Eurovision 2014: Who will be the market springers?

This article is not looking to predict positive surprises on the scoreboard come May 10, but rather positive surprises in the betting market by the day of the final. Which acts are longer odds now than they will be in a month?

This is a vital consideration for those looking to play the market as a trader. Traders back at longer odds and lay at shorter odds in the hope of guaranteeing a profit either way, or at least giving themselves a free run.

The market can move in mysterious ways, but there are perennial factors that influence it in the contest build-up. I consider some of them below as a way of speculating on the likeliest market springers.

1. Eurovision in Concert and other promotional events
The market reacted strongly to last weekend’s Amsterdam event, with hot favourite Armenia on the drift and the hero’s welcome granted to Conchita Wurst seeing Austria come down to tenth place in the win market.

It may be a case of history repeating itself when the same two artists appear on stage this Sunday at the London equivalent. One can only assume they will give facsimile performances with a largely facsimile reaction by punters.

2. Fan Polls
The OGAE are Eurovision fan organisations in each country. Their individual polls will drip through in the coming weeks. We know only a few so far, with Sweden early leaders. There is always a remarkable correlation between their votes, and it seems likely that ‘Undo’ will continue to head the pack.

Online polls that punters take note of come from escnation and escstats (see the pre-chart’14 tab). The latter has Sweden leading from Hungary and the UK, the former has the UK leading Sweden. The UK also scores well in two of the three early OGAE results.

3. Rehearsals
The proof of how a song will be staged, and how well it’s coming across in rehearsals, can cause big shifts in the ante-post market. Last year, Azerbaijan’s innovative show saw an immediate drop in price. Who will be the 2014 equivalent?

In truth, the beauty of rehearsals is it could be anyone. Still, Farid’s box was the brainchild of Fokas Evangelinos, a master of Eurovision staging who’s also brought to light Ani Lorak’s ‘Shady Lady’, and the winning ‘My Number One’ routine. His worst result is seventh (with a giant Greek stapler), and he is masterminding the Russian staging this year, for which we already have a clue with stand-in performers

Ukraine are past masters of the before and after extreme makeover. Having thought Mariya’s sneak preview on the small Amsterdam stage looked busy in the venue, it could easily come into its own when properly showcased on TV from Copenhagen. The upbeat entries do have more licence – although that can go either way.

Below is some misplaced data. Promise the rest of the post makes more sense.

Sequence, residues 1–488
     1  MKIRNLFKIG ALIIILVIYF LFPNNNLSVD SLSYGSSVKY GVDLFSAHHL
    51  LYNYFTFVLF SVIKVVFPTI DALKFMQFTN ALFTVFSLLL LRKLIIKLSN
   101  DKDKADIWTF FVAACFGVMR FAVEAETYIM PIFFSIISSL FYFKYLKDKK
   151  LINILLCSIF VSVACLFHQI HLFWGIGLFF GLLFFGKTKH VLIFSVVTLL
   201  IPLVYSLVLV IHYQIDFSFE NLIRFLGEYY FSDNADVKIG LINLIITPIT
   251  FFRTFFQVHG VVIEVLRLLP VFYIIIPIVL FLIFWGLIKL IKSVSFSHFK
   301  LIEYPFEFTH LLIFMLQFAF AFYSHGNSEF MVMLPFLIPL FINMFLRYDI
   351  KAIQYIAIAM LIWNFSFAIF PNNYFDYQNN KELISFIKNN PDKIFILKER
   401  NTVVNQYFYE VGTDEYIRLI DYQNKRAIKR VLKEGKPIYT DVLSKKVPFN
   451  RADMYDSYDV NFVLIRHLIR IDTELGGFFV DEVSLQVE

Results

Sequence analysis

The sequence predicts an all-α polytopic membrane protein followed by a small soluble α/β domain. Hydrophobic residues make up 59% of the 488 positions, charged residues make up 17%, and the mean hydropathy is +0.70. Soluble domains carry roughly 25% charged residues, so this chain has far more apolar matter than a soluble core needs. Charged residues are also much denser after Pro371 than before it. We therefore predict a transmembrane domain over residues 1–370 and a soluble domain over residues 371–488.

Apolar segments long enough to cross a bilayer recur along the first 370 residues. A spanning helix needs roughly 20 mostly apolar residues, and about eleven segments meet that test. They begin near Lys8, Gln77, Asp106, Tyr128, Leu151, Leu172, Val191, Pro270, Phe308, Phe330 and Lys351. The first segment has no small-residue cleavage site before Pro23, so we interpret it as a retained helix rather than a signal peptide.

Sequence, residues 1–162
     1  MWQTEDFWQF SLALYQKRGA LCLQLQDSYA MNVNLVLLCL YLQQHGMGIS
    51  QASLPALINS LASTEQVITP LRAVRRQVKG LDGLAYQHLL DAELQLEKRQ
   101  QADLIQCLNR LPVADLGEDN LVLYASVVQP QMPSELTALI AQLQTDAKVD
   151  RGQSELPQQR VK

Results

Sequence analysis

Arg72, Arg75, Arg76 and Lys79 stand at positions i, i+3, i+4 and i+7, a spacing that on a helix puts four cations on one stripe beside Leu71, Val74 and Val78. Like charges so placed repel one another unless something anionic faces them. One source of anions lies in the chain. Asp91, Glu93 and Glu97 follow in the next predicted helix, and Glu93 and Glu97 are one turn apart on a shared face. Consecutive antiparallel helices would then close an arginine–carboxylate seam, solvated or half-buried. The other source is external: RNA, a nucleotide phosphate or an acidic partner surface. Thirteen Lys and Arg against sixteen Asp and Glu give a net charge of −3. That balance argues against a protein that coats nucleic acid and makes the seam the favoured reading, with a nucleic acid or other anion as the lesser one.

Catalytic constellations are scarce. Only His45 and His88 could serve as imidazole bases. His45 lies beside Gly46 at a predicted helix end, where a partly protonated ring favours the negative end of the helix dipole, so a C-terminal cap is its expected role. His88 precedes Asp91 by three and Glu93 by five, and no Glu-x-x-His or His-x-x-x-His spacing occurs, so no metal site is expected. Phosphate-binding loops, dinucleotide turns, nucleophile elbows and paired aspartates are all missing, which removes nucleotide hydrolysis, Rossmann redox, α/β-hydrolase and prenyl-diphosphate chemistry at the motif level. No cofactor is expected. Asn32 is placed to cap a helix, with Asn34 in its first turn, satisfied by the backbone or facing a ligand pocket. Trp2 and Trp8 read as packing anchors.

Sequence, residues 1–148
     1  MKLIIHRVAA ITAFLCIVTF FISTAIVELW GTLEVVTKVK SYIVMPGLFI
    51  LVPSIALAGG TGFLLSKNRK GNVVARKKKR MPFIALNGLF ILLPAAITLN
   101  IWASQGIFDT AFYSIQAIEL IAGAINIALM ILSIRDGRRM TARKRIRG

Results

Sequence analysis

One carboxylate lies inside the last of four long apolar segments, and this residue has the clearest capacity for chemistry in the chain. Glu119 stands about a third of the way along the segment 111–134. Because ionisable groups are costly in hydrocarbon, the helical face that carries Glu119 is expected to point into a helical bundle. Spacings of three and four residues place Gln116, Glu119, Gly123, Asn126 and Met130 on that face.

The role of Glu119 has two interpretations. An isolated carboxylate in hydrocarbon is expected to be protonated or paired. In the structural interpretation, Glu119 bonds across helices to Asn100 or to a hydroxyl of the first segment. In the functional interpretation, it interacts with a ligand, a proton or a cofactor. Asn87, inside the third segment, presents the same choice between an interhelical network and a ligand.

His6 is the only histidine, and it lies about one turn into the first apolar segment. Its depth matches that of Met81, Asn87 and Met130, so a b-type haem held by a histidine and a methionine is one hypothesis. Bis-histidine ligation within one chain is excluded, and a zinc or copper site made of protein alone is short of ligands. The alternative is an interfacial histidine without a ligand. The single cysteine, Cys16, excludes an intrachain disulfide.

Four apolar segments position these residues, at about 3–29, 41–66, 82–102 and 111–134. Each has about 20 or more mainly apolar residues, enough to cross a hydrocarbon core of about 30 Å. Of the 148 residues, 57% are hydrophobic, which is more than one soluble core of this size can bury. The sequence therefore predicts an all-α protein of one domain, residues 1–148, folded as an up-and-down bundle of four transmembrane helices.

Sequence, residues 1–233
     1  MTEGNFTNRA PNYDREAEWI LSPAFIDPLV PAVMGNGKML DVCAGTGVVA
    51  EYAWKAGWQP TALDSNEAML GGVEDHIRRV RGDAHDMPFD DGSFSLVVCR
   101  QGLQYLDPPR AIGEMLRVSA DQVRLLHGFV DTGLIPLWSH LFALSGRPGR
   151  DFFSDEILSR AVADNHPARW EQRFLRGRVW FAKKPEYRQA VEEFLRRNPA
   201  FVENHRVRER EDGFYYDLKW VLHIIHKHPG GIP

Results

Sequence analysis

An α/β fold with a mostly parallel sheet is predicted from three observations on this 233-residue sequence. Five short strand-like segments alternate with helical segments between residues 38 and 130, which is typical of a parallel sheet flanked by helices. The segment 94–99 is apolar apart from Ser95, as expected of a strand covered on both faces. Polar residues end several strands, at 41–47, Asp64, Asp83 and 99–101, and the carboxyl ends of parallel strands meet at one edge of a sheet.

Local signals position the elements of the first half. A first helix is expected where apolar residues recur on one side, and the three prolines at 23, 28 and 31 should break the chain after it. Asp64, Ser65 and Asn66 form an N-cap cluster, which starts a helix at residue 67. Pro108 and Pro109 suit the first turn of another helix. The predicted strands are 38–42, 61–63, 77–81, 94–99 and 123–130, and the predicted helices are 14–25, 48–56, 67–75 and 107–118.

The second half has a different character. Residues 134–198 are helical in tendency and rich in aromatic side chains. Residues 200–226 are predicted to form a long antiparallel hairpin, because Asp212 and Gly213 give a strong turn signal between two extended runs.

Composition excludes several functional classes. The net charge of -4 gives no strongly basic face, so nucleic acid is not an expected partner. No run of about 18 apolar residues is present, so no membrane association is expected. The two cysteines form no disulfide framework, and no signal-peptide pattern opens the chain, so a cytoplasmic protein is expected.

4. News stories during Eurovision week
It’s worth speculating where the focus of attention will be during the week itself. This is when plenty of new punters get involved in betting on the contest, bringing with them a new perspective. Publicity garners their attention and can see odds drop. Krista’s “controversial” lesbian kiss did just that for Finland last year.

This year there are two likely headliners. Individually the focus looks most likely to be on Austria’s Conchita Wurst, and more broadly it will be on Ukraine and Russia in competition against each other. I expect plenty of column inches for both stories, and my guess is that Austria and Ukraine’s odds will drop as a result.

5. The British (and Irish) bias
Betfair and many other betting sites are British companies serving a largely British and Irish clientele. The betting culture is widespread in both countries. This means market strength for British and Irish entries if they appear to have a chance. The late gamble on Jedward’s 2011 effort was one of the biggest in recent memory.

It seems remarkable now, but in 2012 the British public placed tens of thousands of pounds at High Street bookies on Engelbert Humperdinck winning. These bookmakers then hedged their liabilities by backing Engelbert on Betfair, with punters such as myself taking on their bets and the risk of big losses if the UK won.

It seems safe to say that the British press will be hyping Molly’s chances this year, and that means a likely drop in price on the big day. As a footnote, it will be interesting to see how much interest there is in Spain’s Ruth Lorenzo, well enough known in the UK from her X Factor run.

Conclusion
Guessing the market can be a fool’s errand, but the three countries that have more than one honourable mention here are the UK, Ukraine and Austria. They seem the most sensible suggestions as potential market springers. What do you think? Let us know where you reckon the market goes from here.

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58 comments to Eurovision 2014: Who will be the market springers?

  • Guildo Horn Forever

    There is a piece on Molly and the UK entry in this week’s TV Times. It also plucks out 4 other entries it describes as ‘notable’:

    Spain – (with Ruth Lorenzo being familiar to UK viewers?)
    France – (visual novelty song from near neighbour?)
    Russia – (cute blonde twins teenage girls – enuf said?)
    Austria – (last but not least: the big conversation point of this year’s ESC? Wouldn’t it be amusing if Austria finished above Armenia? Lol)

  • Sander

    How about Greece? I am not a big fan of this kind of music but they do have a total package that ticks a lot of boxes. Up-tempo, good looking guys, they sing competently, Greece can count on the diaspora vote and it’s a catchy song with a melody that feels Greek. I think it is as entertaining as alcohol is free. I don’t understand why Greece is not higher in the odds and seriously think they will climb pretty fast when the rehearsals are starting.